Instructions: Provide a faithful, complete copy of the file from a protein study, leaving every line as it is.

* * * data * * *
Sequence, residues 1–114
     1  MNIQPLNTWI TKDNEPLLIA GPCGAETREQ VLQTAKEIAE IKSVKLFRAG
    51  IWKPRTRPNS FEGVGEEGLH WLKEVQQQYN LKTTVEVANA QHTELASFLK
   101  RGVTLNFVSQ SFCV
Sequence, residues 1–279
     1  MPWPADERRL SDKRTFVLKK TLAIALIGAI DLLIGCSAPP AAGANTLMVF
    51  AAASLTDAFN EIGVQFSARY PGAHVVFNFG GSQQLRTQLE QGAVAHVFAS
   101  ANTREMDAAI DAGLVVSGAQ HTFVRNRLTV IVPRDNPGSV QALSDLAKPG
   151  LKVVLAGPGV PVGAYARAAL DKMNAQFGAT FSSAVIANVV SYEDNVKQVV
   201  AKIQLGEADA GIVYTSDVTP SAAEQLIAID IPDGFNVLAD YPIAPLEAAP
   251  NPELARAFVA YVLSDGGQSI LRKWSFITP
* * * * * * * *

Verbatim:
Sequence, residues 1–114
     1  MNIQPLNTWI TKDNEPLLIA GPCGAETREQ VLQTAKEIAE IKSVKLFRAG
    51  IWKPRTRPNS FEGVGEEGLH WLKEVQQQYN LKTTVEVANA QHTELASFLK
   101  RGVTLNFVSQ SFCV
Sequence, residues 1–279
     1  MPWPADERRL SDKRTFVLKK TLAIALIGAI DLLIGCSAPP AAGANTLMVF
    51  AAASLTDAFN EIGVQFSARY PGAHVVFNFG GSQQLRTQLE QGAVAHVFAS
   101  ANTREMDAAI DAGLVVSGAQ HTFVRNRLTV IVPRDNPGSV QALSDLAKPG
   151  LKVVLAGPGV PVGAYARAAL DKMNAQFGAT FSSAVIANVV SYEDNVKQVV
   201  AKIQLGEADA GIVYTSDVTP SAAEQLIAID IPDGFNVLAD YPIAPLEAAP
   251  NPELARAFVA YVLSDGGQSI LRKWSFITP